By 1900...

    • CHAPTER 4 Precursors: Charles Ives and Leo Ornstein
      (pp. 71-91)

      With the establishment of the musical canon in the Gilded Age, American music settled into a lengthy status quo, which continued well into the second decade of the twentieth century. Many of the late romantic composers, including George Chadwick, Amy Beach, and Horatio Parker, continued active, their styles little changed. A few younger composers, such as Charles Martin Loeffler and Charles Tomlinson Griffes, had some quietly new ideas, and a stronger sense of national pride was apparent in others. Otherwise an observer landing in the American musical world in 1914–15 could easily have thought he was still in the...

    • CHAPTER 5 “Prologue to the Annual Tragedy”
      (pp. 92-111)

      Change may be inevitable, but most humans crave stability, or, barring that, at least continuity. Historians try to oblige. As they sift through the shards of the past, they seek that continuity, usually by searching for connections with the present. An explanation of origins, sources, and causes can serve a mediative as well as an intellectual function.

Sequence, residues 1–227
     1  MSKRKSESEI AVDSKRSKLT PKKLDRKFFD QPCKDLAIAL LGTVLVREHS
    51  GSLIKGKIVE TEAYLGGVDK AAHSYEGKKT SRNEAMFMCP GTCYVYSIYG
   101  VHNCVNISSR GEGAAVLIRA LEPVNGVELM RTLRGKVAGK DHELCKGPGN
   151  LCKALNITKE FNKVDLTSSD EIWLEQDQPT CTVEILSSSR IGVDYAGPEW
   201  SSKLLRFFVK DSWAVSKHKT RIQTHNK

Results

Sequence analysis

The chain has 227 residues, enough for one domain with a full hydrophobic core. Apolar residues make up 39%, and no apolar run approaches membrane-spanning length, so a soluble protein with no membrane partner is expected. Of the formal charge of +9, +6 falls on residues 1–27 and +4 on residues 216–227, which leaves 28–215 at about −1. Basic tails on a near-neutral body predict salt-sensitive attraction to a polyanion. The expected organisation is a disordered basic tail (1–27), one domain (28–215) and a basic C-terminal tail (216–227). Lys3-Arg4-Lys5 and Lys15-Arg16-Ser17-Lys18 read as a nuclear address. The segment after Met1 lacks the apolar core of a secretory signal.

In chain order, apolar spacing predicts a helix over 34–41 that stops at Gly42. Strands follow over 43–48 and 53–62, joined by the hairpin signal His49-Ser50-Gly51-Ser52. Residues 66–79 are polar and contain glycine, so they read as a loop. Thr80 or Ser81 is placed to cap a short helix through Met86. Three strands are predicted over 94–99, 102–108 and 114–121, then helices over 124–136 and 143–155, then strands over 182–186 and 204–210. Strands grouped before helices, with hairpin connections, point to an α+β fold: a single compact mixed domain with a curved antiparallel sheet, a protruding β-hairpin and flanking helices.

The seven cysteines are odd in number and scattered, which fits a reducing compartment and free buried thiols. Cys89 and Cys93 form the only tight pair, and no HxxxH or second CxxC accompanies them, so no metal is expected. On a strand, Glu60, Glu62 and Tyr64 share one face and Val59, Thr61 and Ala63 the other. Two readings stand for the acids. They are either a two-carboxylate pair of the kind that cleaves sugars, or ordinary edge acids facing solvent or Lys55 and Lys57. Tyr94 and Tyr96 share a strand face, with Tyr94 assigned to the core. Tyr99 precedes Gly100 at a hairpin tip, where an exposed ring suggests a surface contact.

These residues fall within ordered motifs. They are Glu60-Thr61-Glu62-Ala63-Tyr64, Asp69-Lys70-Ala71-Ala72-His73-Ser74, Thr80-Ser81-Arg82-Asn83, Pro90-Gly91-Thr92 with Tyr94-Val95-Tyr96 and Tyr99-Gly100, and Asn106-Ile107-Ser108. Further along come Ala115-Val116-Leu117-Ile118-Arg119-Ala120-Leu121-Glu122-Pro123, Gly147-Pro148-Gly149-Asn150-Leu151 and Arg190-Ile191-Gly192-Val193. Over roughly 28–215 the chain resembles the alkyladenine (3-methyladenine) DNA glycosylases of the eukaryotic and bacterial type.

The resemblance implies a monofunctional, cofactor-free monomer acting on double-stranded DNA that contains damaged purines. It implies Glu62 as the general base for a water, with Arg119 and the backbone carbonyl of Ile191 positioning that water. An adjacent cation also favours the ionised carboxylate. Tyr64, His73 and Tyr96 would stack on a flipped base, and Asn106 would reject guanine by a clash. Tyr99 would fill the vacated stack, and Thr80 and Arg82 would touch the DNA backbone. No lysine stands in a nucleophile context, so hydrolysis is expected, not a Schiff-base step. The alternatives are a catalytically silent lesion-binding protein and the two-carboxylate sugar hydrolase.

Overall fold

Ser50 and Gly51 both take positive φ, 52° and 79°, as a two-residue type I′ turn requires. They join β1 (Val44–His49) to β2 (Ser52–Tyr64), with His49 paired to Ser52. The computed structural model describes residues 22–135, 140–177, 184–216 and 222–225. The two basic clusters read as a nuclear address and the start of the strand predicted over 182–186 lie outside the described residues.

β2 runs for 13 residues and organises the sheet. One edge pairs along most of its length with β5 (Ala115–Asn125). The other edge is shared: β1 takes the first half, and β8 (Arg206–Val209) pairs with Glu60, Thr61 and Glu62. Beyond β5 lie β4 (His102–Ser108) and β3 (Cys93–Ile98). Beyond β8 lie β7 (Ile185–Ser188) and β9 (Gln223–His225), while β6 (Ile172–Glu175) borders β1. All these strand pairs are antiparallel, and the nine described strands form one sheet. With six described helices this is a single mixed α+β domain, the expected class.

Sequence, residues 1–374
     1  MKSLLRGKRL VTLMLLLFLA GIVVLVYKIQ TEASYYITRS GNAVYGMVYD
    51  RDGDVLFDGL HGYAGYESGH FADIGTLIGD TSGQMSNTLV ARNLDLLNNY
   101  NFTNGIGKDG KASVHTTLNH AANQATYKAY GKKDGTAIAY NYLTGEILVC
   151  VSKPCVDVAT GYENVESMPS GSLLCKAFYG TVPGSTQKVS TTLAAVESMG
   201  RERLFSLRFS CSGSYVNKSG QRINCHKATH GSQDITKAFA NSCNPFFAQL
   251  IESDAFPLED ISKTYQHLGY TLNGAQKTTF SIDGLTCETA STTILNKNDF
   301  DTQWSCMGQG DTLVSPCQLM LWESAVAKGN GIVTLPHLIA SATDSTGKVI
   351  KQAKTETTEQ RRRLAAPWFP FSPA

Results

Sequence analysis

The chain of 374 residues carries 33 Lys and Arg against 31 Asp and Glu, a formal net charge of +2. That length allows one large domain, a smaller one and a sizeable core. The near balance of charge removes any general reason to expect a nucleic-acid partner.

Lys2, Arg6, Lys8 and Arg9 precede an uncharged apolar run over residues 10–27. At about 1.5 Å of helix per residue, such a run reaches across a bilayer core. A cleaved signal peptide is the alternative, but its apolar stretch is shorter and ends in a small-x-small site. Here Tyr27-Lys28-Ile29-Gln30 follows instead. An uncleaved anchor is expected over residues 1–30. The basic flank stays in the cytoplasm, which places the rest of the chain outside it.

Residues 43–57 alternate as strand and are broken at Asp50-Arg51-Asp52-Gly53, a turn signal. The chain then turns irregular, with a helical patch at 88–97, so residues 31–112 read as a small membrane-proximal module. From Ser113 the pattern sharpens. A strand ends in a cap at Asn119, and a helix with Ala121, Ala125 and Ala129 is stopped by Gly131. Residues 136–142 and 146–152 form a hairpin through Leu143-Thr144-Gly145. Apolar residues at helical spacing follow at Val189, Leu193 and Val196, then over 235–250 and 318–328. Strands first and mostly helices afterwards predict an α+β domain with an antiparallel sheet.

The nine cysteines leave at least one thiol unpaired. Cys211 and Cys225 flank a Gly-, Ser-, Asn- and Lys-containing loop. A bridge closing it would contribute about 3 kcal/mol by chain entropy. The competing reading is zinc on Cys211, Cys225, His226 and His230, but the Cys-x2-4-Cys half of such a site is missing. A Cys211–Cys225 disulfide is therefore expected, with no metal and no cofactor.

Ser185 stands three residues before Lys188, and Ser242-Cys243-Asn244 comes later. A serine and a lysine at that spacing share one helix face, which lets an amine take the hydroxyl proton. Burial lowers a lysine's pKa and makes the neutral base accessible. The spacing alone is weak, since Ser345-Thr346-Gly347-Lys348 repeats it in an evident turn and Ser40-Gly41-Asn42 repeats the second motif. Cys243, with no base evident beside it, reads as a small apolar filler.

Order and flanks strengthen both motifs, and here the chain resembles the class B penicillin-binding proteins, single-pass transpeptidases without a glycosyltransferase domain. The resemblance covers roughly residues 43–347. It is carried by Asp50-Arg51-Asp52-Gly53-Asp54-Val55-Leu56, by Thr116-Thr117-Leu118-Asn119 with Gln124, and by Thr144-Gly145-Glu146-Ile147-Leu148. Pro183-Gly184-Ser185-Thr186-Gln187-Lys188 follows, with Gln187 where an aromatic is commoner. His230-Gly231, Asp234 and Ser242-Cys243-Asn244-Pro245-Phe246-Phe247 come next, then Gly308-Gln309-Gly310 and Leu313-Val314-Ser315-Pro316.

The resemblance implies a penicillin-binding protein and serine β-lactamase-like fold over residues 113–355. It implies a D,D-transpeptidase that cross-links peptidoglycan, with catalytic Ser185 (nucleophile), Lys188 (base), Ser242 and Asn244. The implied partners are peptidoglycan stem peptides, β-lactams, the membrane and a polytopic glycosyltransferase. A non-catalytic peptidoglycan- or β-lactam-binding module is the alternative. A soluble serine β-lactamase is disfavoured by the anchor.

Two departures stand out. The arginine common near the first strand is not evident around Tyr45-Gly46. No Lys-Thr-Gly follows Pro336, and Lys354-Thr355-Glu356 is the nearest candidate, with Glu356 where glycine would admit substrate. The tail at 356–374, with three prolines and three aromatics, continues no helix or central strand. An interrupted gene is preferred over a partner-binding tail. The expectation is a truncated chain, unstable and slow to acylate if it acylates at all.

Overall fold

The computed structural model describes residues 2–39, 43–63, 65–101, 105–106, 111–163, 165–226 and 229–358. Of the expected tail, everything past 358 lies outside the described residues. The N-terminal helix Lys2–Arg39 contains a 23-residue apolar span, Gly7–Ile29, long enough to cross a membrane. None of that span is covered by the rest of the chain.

Continuity and connections thus become part of our world, ubiquitous, fundamental to the modern mind-set. They span television programs as well as books; they are an assumed, inevitable element of our thought. But unfortunately reality does not always cooperate. Sometimes change comes suddenly...

    • CHAPTER 6 The Community of the Ultramoderns
      (pp. 112-150)

      From the time of the earliest settlers, America has been shaped by the idea of community, a concept to be distinguished from society. People participate in a society out of self-interest, and only to the extent that the organization satisfies their needs or that they must. A society can be a golf club, a group of football fans, an entrepreneurial venture, or a governing body. Not all societies are voluntary: everyone lives in a state or nation and not everyone can choose which. Very few can opt out of society entirely.

      A community is a closer-knit unit, in which individuals...

  7. PART 3. After the War

    • [PART 3 Introduction]
      (pp. 151-152)